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45 Records

RCA Victor
Thomas Edison invented the phonograph in 1887 by connecting a thin membrane to a needle, which touched a cylinder covered with tin foil, prompting sound waves connected to a diaphragm. This process would move the needle which would then carve vibrations into the tin foil cylinder. Emile Berliner created a similar device, but instead of carving the vibrations into a cylinder, the needle would etch into a flat disk. Once one created a master disk, it would be pressed into shellac originally, and eventually in time vinyl. This disk would be read by a stylus, which would be activated once the listener moved the tone arm onto the record.
Originally, records were produced at 78 RPM, but the shellac material was fragile and inefficient. In 1948, Columbia Records released the 33 1/3 RPM long-playing record, or LP. This record was pressed into vinyl, not shellac, and could play twenty minutes on either side. Columbia’s competitor, RCA Victor, released a competitive record the next year: the 45 RPM, which played only one song on either side—the origin of “singles.” These records were much smaller in size, also pressed into vinyl, and could be played on small, portable record players. It was usual by the 1950s that a middle class family would have a phonograph in the living room, and that adults would buy 33s, to play classical music. Teenagers were more likely to buy 45s, which could be played on small devices kept in their own rooms (“phonos”).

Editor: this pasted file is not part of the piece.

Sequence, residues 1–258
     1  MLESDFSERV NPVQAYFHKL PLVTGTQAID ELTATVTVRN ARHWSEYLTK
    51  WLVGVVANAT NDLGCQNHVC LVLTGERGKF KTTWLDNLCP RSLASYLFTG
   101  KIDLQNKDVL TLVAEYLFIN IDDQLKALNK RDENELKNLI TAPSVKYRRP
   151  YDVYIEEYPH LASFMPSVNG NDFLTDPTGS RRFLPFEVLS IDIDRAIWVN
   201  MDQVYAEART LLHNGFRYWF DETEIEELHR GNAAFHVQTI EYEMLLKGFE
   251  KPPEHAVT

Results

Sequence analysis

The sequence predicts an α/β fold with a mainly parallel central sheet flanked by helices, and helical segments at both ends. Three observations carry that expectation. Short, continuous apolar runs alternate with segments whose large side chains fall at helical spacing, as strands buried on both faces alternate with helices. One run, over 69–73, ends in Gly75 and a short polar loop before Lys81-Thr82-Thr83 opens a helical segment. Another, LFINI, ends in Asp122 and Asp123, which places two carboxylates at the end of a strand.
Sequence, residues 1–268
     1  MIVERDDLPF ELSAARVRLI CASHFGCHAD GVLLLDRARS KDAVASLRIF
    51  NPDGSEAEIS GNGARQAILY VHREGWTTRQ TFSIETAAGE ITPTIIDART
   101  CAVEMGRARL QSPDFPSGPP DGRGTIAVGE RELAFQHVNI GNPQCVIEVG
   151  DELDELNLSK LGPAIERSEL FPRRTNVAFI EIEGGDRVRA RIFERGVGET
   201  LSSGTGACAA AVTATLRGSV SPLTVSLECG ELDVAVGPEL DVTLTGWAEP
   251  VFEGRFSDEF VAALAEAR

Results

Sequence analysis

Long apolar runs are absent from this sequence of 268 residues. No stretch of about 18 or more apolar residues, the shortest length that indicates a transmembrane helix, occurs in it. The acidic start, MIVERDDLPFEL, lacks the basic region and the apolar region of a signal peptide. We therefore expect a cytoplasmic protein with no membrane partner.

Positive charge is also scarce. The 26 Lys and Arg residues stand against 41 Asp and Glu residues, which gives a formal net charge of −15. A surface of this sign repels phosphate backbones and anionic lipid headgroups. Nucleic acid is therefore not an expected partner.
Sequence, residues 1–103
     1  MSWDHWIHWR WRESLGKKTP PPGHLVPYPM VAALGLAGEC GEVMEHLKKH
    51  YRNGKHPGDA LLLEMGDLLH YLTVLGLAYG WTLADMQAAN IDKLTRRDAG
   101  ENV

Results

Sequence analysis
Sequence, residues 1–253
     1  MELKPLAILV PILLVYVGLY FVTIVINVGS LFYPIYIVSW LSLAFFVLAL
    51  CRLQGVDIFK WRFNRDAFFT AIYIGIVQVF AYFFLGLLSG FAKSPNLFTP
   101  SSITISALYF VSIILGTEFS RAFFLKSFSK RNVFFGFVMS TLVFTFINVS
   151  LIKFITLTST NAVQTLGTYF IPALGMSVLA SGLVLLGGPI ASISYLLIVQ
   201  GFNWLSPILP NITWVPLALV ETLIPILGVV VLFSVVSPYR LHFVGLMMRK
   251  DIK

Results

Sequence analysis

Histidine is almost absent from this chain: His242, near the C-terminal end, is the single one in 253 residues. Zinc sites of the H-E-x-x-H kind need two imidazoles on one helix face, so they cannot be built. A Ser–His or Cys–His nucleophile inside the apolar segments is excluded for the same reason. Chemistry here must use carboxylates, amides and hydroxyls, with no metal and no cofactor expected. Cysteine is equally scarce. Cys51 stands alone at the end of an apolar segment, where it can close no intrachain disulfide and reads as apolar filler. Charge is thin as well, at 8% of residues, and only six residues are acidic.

Over time, the records could be played in cars if one installed an 8-track into the dashboard, a step up from radio because one could select the music one might listen to. It wasn’t until the cassette tape that records began to become obsolete. Regardless of their renaissance in the 2010s, it is more urban legend than accurate that the sound quality of vinyl records is that much better than digital music today. The difference between digital music and vinyl records is the audio compression, but digital music has much more fluidity than a traditional record—not to determine one better than the other. They are just two very, very different technologies that achieve the same goal.
Funk, Clayton. “Rock and Roll and Youth Culture” accessed May 15, 2018. https://osu.pb.unizin.org/artandmusicbiographies/chapter/reading-3-rock-and-roll-and-youth-culture/
Riley, Sharon. “Record Players Were the Infotainment Systems of the 1950s and 1960s” last modified April 12, 2014. https://www.consumerreports.org/cro/news/2014/04/record-players-were-the-infotainment-systems-of-the-1950s-and-60s/index.htm
Waldbillig, Larry. ”The History of the 45 RPM Record” last modified August 24, 2012. http://historysdumpster.blogspot.com/2012/08/the-history-of-45-rpm-record.html
Wilde, Julia. “How Is Music Stored On Vinyl Records?” last modified August 23, 2015. https://www.seeker.com/how-is-music-stored-on-vinyl-records-1792674128.html